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Penetanguishene, Ontario Real Estate and Homes for Sale
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Penetanguishene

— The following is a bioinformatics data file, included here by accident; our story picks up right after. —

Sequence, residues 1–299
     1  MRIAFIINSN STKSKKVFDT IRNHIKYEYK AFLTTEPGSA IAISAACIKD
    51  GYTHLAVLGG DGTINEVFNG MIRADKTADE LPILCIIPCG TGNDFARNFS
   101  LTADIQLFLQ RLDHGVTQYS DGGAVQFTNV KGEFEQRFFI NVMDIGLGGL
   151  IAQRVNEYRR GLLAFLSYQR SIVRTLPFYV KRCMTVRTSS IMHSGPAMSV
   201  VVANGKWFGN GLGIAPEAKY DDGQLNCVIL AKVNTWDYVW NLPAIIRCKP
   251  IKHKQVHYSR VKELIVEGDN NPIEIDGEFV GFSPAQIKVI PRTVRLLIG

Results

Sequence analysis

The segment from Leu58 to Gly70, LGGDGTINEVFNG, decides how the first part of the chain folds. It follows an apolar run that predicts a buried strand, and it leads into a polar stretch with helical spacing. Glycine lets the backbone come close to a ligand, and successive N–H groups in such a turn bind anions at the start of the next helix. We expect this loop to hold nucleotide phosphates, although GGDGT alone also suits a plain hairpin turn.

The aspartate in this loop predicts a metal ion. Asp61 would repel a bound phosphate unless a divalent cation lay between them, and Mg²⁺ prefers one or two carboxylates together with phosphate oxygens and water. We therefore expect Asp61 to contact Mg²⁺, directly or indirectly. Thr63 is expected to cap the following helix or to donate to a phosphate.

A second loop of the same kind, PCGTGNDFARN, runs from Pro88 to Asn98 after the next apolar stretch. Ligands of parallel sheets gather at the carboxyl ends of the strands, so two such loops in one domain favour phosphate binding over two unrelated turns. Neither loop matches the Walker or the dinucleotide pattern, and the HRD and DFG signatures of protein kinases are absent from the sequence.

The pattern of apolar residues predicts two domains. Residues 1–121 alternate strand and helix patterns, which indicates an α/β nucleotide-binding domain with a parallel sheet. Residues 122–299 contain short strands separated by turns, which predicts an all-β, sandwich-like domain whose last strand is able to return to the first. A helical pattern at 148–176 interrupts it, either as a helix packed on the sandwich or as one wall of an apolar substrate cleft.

Penetanguishene , sometimes shortened to Penetang, is a town in Simcoe County, Ontario, Canada. It is located on the southeasterly tip of Georgian Bay. Incorporated on February 22, 1882, this bilingual (French and English) community has since grown to a population of 9,354 in the Canada 2006 Census, an increase of 12.5 per cent from its 2001 population of 8,316.The name Penetanguishene is believed to come from either the Wyandot language or from the Abenaki language via the Ojibwa language, meaning "land of the white rolling sands".As early as AD 800, the Huron settled in semi-permanent villages in the area. The young French translator, Étienne Brûlé, was the first European to set foot in the Penetanguishene area, some time between 1610 and 1614.In 1793, John Graves Simcoe, the first Lieutenant Governor of Upper Canada, visited the area and saw the location's potential as a naval base. He wanted to use the bay to shelter warships to protect British interests on lakes Huron, Erie and Michigan. Beginning in 1814, the British-Canadians built the Penetanguishene Road to provide the area a land route to Barrie and Toronto, as it was previously accessible only by water transport along the rivers or across Georgian Bay.In 1817, naval units from Michilimackinac and Schooner Town (near modern-day Wasaga Beach) were consolidated at Penetanguishene. But, because treaty limitations with the U.S. limited both countries' naval power on the Great Lakes, two British armed topsail schooners, HMS Tecumseth and HMS Newash were laid up "in ordinary", and eventually reported to have sunk at their moorings in the harbour in 1828. Some other small craft were headquartered in Penetanguishene for the exploration and mapping of the Great Lakes' coastline. In 1828, the main British military establishment on the Upper Lakes moved from Drummond Island to Penetanguishene. Families of Métis fur traders who had moved with the British from Michilimackinac to Drummond Island after the War of 1812, moved again to Penetanguishene. They settled in the town and the surrounding area. Although the naval base was closed in 1834, the military base remained until 1856. Some of the troops settled in the area after their service was complete providing an English-speaking population.

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